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Fats: the Good, the Bad and the Misunderstood

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Facts on Fats

Understanding the different types of fats may help you understand health recommendations and assist you in working with your healthcare practitioner to set your own nutrition goals. While some have condemned all fat to be bad, that is simply not true; your body needs fat. It is a major source of energy, and is also essential in helping you absorb certain vitamins and minerals. Each cell in your body needs fat for the cell membrane, and fat is an important part of the nervous system. It is necessary for blood clotting, muscle movement, and the immune system. [6, 14]

Fat, along with carbohydrates and protein, is a macronutrient. Fat molecules are called triglycerides, a compound made up of three fatty acids attached to one glycerol molecule. There are three main types of fats that we consume: unsaturated, saturated, and trans fat.

What are Saturated Fats?

The fatty acids are chains made up of carbon atoms. In saturated fats, these carbon chains are filled with hydrogen atoms, or “saturated” with hydrogen. Saturated fats are solid at room temperature, such as coconut oil, butter, bacon grease, cheese, and the fat in and around meats.

Unsaturated fats have fewer hydrogen atoms bonded to the carbon chains. These fats are liquid at room temperature and are found in olive oil, flax oil, sunflower and safflower oils, avocados, nuts and seeds, and fish. Unsaturated fats are often considered the “good” fats, as some can help lower cholesterol levels, and contain helpful vitamin E and omega-3 and omega-6 fatty acids.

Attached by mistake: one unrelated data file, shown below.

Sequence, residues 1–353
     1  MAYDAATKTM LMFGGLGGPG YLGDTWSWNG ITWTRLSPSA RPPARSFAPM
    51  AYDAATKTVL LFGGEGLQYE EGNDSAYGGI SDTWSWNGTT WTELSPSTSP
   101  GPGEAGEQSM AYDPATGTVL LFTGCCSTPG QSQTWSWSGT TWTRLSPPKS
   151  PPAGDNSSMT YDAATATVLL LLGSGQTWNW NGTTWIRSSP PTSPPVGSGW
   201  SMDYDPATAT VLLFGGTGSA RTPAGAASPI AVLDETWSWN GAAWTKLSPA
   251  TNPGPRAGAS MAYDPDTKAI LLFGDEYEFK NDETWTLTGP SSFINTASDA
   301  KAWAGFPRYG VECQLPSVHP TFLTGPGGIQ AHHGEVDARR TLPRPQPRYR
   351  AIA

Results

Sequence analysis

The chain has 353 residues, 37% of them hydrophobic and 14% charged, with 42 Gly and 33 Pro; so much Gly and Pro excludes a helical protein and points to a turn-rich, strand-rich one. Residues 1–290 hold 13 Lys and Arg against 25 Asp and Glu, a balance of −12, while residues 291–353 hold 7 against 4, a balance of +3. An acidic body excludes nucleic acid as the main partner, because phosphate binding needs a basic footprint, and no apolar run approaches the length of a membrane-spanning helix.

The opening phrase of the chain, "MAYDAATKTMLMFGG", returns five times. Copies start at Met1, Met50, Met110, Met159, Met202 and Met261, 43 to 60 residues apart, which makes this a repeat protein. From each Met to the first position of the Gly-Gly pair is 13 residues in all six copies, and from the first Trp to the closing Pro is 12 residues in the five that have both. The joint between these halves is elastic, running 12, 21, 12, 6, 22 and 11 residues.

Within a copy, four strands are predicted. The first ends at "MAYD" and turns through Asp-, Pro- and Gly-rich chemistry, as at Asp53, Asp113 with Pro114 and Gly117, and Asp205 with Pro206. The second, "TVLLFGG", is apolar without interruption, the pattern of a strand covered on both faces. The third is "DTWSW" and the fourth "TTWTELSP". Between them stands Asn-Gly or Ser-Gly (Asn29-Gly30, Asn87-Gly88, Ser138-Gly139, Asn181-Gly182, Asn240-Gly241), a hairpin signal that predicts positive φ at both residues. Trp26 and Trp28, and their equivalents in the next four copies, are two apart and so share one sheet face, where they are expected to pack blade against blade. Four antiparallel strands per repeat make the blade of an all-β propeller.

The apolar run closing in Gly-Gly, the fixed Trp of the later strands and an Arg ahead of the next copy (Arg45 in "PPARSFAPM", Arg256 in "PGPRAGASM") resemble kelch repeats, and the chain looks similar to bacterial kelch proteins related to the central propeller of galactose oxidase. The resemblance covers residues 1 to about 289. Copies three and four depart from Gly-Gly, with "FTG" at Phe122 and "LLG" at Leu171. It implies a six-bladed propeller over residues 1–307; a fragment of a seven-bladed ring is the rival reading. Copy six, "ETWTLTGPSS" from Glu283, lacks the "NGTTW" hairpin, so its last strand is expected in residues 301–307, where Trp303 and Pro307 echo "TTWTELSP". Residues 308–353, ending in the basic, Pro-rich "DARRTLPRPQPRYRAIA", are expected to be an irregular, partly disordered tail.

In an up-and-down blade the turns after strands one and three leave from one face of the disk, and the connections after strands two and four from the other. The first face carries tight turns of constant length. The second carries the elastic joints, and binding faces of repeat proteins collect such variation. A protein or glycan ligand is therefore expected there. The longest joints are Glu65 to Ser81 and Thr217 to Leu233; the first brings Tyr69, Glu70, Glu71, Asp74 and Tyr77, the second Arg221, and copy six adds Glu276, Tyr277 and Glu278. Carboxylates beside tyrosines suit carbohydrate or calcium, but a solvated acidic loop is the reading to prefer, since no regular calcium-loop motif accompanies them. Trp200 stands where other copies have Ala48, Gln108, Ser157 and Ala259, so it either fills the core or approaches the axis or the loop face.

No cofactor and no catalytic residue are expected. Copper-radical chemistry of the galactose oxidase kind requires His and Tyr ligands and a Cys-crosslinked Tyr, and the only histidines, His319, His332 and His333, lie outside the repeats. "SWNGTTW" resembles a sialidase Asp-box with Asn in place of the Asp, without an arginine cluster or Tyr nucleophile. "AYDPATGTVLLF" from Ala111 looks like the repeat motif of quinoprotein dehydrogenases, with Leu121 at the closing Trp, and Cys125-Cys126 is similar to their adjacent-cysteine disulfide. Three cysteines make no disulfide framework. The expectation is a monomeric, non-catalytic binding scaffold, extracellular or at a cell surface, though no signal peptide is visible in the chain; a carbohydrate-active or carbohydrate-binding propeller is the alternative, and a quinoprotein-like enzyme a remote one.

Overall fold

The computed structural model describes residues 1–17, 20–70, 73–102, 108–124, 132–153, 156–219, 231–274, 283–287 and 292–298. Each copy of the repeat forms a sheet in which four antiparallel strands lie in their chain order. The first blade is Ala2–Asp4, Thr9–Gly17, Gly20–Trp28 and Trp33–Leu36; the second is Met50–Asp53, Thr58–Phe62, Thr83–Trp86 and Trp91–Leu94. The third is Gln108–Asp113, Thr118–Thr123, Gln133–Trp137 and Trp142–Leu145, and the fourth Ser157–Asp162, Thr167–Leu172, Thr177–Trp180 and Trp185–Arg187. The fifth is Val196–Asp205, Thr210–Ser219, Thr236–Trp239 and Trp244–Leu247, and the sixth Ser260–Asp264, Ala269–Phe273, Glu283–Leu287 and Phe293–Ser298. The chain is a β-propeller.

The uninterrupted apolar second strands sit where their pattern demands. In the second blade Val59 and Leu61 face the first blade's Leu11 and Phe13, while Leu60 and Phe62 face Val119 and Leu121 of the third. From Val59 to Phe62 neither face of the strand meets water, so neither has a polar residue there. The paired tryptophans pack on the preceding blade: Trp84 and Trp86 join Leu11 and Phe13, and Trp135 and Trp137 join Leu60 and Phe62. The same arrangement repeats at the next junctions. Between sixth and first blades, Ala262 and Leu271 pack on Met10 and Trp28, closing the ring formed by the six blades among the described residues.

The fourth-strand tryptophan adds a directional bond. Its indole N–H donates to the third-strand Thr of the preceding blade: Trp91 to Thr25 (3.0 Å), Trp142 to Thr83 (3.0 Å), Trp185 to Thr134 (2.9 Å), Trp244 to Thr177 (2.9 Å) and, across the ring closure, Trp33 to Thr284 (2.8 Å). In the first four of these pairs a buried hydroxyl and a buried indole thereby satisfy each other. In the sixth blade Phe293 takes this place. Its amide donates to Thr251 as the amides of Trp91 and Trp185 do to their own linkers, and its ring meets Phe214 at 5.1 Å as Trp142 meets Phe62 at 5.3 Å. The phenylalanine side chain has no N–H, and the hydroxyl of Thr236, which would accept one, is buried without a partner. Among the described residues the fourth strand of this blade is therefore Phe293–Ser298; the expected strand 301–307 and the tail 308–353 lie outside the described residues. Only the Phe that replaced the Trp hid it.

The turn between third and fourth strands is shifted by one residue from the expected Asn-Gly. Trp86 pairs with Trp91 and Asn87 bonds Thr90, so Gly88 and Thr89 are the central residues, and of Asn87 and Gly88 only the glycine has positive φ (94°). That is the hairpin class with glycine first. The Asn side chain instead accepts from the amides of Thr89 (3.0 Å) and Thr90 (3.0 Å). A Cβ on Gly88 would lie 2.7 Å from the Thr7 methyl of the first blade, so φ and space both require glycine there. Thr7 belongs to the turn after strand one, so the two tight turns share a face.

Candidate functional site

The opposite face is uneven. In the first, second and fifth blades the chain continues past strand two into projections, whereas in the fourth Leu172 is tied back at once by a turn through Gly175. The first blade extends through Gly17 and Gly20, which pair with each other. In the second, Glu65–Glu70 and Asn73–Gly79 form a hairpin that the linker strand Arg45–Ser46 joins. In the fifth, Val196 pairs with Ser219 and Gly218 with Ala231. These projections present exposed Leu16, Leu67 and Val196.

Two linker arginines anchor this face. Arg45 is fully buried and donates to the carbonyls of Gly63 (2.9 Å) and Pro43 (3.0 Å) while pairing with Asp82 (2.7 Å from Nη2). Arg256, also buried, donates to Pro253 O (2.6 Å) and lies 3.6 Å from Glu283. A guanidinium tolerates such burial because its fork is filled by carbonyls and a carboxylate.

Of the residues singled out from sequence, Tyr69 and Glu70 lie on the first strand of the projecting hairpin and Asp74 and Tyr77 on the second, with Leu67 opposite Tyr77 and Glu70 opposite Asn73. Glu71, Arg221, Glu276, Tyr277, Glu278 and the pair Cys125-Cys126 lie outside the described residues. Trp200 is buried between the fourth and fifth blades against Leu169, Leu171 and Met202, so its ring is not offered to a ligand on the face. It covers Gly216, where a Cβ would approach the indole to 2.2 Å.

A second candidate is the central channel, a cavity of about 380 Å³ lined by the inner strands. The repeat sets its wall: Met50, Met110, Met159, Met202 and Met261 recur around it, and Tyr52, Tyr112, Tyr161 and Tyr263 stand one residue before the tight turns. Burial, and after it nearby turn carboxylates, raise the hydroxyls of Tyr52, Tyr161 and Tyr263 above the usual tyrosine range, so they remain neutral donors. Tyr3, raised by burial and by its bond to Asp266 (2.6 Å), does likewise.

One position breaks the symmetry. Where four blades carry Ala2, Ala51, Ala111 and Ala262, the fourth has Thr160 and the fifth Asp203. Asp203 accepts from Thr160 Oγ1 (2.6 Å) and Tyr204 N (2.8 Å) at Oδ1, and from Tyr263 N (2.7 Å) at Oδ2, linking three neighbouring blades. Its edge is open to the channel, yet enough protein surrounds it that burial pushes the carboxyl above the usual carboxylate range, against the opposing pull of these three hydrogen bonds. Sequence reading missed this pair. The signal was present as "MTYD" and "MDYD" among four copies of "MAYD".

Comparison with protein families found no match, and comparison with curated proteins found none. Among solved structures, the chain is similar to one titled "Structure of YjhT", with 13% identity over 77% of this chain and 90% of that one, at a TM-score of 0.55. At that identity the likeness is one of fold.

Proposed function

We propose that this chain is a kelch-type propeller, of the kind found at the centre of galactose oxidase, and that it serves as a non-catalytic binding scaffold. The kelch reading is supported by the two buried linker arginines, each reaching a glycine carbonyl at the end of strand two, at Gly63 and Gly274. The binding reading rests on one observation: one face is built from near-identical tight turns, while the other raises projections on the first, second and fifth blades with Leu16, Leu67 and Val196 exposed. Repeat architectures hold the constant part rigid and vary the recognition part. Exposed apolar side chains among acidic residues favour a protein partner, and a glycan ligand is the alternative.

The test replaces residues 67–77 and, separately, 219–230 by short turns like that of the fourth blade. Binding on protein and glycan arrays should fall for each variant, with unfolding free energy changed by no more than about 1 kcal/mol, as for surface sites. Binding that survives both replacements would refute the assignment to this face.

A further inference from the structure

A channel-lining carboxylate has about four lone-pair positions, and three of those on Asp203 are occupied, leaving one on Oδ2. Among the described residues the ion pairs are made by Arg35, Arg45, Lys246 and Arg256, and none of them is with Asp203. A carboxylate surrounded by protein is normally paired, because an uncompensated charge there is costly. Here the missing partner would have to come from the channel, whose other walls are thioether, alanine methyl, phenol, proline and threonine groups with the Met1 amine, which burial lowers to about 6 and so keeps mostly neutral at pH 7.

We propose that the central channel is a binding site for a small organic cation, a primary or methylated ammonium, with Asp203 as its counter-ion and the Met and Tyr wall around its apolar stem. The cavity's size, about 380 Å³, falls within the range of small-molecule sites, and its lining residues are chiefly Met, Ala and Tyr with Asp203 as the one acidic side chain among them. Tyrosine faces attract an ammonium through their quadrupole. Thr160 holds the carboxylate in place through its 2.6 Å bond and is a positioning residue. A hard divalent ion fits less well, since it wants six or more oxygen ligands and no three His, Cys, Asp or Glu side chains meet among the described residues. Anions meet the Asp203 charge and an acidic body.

Trans fats do not occur naturally in most cases; they are created in oil processing through hydrogenation. This means that the hydrogen atoms are added to the carbon chain to make them more stable. This process changes the fat into a solid that will not become rancid as quickly. Trans fats are a cheaper alternative that is used commercially in food production, as they have a longer shelf life and may not need refrigeration. Oils for deep frying and baked goods often contain trans fats. The body, however, lacks the enzymes for dealing with trans fats.  Consuming them interferes with the body’s metabolism of other fatty acids and can increase the risk of cardiovascular disease (CVD). Excess trans fats in the diet may also contribute to obesity, high blood pressure, and other health complications. [3]

The Misunderstood Fat

Low consumption or complete avoidance of trans fats is widely recommended by most health organizations, including the American Heart Association and the US Department of Agriculture. On the other hand, unsaturated fats are promoted as “good” fats. But saturated fats may not definitively be on either side of the spectrum.